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Ron Johnson (businessman)

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Ron Johnson
Johnson in 2015
Born (1959-10-15) October 15, 1959 (age 64)
EducationUniversity of Minnesota (B.A.)
OccupationCEO of Enjoy
Known forBusiness executive

Ron Johnson (born October 15, 1959) is the CEO and founder of Enjoy Technology. Previously, he was the senior vice president of retail operations at Apple Inc., where he developed the concept of the Apple Retail Stores and the Genius Bar, and the vice president of merchandising for Target Corporation, where he was credited for making the store appeal to a younger and trendier crowd.[1][2] Johnson is on the Board of Directors of Globality Inc, a start-up based in Menlo Park, California.[3]

Early life and education[edit]

Johnson was born in Edina, Minnesota,on October 16, 1958, to an executive at General Mills and a homemaker. He was the captain of the Edina High School soccer and baseball teams. Johnson later earned a Bachelor of Art, Economics from Stanford University and an MBA degree from Harvard Business School.[citation needed]



At Target, Johnson was vice president of merchandising, where he was responsible for launching the Michael Graves line of consumer products.[4]


Johnson joined Apple Inc. as senior vice president of retail operations in January 2000. At the suggestion of Millard Drexler (an Apple director and CEO of Gap Inc.), Johnson's retail team and a development team headed by Allen Moyer from The Walt Disney Company began a series of mock-ups for the Apple store in a warehouse near the company's headquarters in Cupertino.

According to an article in The New York Times, Apple Stores have turned "the boring computer sales floor into a sleek playroom filled with gadgets" under Johnson's direction.[5]

Under Johnson's leadership, Apple's retail stores achieved a record level of growth, exceeding a billion dollars in annual sales within two years of their debut, surpassing the previous record set by the Gap clothing retailer. In 2012, Apple operated more than 400 stores, with outlets in Australia, Canada, China, France, Germany, Italy, Switzerland, United Kingdom, United States, Hong Kong and Japan.[6] According to Fortune "Saks, whose flagship store is down the street, generates sales of $362 per square foot a year. Best Buy stores turn $930–tops for electronics retailers—while Tiffany & Co. takes in $2,666. Audrey Hepburn liked Tiffany's for breakfast, but at $4,032 per square foot, Apple is eating everyone's lunch".[7] In 2011, Apple Stores in the United States had revenue of $473,000 per employee.[4] According to the research firm RetailSails, the Apple Store chain ranked first among U.S. retailers in terms of sales per unit area in 2011, with sales of US$3,085 per square foot, almost double that of Tiffany & Co., the second retailer on the list.[4]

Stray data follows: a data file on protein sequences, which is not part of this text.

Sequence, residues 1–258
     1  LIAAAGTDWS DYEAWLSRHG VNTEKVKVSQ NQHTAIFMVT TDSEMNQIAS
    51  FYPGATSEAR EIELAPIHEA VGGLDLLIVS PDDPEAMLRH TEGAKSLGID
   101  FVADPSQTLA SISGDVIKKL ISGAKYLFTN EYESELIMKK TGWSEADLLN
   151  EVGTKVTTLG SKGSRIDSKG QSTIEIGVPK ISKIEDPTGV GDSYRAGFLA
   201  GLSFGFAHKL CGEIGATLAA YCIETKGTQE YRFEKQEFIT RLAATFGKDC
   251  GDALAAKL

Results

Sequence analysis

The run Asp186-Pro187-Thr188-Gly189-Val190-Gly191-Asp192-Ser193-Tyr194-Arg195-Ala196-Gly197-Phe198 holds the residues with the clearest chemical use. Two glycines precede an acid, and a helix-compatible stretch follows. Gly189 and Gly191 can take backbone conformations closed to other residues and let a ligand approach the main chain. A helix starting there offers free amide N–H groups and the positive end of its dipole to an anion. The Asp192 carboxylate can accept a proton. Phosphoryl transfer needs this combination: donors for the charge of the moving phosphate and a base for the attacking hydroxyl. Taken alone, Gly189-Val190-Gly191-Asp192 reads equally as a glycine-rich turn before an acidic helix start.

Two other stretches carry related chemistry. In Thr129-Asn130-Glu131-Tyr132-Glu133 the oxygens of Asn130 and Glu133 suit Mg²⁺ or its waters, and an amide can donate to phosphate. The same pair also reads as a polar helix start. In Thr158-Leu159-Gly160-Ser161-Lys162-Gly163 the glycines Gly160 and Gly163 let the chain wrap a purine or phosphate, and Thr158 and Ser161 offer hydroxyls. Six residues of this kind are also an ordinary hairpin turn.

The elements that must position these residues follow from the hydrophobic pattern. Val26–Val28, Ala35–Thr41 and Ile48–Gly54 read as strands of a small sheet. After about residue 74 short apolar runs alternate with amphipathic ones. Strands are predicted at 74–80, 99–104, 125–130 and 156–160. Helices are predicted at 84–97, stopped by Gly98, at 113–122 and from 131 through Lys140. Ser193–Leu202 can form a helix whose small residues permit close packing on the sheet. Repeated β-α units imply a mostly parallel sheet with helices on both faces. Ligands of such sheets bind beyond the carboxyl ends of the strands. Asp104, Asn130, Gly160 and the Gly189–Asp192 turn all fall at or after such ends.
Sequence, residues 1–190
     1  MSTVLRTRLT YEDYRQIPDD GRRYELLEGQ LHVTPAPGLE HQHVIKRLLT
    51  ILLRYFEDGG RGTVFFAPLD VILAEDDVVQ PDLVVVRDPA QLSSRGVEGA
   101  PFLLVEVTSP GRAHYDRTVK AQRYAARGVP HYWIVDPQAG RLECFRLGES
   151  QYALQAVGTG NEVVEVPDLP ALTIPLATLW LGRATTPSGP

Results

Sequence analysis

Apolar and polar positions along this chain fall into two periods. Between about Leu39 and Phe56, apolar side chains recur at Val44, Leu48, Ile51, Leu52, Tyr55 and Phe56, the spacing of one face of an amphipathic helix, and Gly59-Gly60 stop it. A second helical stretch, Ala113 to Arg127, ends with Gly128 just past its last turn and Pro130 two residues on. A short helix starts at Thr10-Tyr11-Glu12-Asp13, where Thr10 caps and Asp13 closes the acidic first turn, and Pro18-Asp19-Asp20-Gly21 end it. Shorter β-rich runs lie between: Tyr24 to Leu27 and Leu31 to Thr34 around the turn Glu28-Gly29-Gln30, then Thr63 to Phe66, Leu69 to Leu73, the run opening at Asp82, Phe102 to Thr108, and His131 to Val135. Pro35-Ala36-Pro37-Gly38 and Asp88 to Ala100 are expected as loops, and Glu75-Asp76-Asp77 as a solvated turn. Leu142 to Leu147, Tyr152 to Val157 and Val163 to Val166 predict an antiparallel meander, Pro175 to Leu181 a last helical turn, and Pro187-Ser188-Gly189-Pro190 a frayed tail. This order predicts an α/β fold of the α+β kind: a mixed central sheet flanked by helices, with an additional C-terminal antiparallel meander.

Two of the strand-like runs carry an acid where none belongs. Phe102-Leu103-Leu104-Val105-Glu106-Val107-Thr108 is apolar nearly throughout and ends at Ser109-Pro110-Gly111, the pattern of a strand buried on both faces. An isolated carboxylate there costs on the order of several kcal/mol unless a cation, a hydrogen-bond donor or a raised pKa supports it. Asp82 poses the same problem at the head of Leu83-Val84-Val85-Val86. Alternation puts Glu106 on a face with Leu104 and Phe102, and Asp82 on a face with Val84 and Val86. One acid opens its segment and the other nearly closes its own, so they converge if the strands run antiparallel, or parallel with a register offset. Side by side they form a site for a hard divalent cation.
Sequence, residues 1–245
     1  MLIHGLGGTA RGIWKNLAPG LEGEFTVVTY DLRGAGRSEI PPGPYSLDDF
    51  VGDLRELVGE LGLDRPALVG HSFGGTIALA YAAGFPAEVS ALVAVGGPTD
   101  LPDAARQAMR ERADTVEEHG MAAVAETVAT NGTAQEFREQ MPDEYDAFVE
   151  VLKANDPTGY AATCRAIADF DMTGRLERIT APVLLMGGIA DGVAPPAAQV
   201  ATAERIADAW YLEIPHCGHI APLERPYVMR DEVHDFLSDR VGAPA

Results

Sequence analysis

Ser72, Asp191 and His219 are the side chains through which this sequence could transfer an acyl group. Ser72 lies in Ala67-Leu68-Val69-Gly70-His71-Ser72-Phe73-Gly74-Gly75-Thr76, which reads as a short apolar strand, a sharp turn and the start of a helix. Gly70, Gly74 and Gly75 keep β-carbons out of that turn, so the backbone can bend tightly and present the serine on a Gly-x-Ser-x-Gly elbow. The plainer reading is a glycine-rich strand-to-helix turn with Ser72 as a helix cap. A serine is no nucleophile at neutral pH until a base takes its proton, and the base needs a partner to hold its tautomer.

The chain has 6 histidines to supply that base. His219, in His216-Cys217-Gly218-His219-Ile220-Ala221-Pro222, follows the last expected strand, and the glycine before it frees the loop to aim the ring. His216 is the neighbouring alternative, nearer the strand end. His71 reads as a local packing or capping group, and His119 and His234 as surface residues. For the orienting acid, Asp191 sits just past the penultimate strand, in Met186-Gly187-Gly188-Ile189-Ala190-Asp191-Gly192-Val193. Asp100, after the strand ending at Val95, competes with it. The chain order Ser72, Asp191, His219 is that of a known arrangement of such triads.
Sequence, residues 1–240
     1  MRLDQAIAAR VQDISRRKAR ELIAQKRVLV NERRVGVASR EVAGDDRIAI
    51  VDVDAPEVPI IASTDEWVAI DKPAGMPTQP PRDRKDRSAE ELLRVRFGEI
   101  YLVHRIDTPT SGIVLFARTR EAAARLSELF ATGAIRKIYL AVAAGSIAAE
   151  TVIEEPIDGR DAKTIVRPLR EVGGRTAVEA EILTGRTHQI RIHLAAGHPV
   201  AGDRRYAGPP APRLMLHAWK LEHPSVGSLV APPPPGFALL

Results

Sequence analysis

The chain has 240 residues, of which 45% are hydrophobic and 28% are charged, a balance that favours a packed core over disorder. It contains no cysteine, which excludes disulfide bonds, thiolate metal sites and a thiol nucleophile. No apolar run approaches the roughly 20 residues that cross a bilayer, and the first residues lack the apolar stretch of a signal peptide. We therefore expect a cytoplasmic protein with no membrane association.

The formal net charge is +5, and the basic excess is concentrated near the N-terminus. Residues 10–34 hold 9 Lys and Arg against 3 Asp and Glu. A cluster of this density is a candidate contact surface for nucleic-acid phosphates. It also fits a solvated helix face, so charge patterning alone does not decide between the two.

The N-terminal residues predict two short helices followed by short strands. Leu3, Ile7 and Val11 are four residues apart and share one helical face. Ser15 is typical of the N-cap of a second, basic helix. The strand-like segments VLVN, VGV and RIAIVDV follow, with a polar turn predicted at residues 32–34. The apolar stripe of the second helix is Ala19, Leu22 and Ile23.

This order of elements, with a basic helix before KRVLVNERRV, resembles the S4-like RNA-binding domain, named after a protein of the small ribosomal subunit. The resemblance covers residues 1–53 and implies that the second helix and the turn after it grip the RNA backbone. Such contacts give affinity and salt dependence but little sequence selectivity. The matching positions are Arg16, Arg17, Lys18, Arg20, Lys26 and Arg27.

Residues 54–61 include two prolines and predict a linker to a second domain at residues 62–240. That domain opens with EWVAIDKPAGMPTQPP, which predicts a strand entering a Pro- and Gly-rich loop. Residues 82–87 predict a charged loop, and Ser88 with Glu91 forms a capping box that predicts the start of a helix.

On October 31, 2007, Johnson exercised 700,000 stock options in Apple shares, with a strike price of $23.72, and then sold the stock later that day for $185 to $185.21 apiece, netting him a $112 million profit. It was reported that Johnson earned $400 million during his seven and a half years at Apple.[8]


After his success at Apple and Target, Johnson was hired as chief executive officer by JCPenney in November 2011, succeeding Mike Ullman, who had was CEO for the preceding seven years. Ullman then was chairman of the board of directors, but was relieved of his duties in January 2013. Bill Ackman, a JCPenney board member and head of hedge fund Pershing Square supported bringing in Johnson to shake up the store's stodgy image and attract new customers. Johnson was given $52.7 million when he joined JCPenney, and he made a $50 million personal investment in the company. After being hired, Johnson tapped Michael Kramer, an Apple Store veteran, as chief operating officer while firing many existing JCPenney executives.[9][10][11]

When Johnson announced his transformation vision in late January 2012, J. CPenney's stock rose 24 percent to $43.[12] Johnson's actual execution, however, was described as "one of the most aggressively unsuccessful tenures in retail history". While his rebranding effort was ambitious, he was said to have "had no idea about allocating and conserving resources and core customers. He made promises neither his stores nor his cash flows would allow him to keep". Similar to what he had done at Apple, Johnson did not consider a staged roll-out, instead he "immediately rejected everything existing customers believed about the chain and stuffed it in their faces" with the first major TV ad campaign under his watch. Johnson defended his strategy, saying that "testing would have been impossible because the company needed quick results and that if he hadn’t taken a strong stance against discounting, he would not have been able to get new, stylish brands on board."[10][12]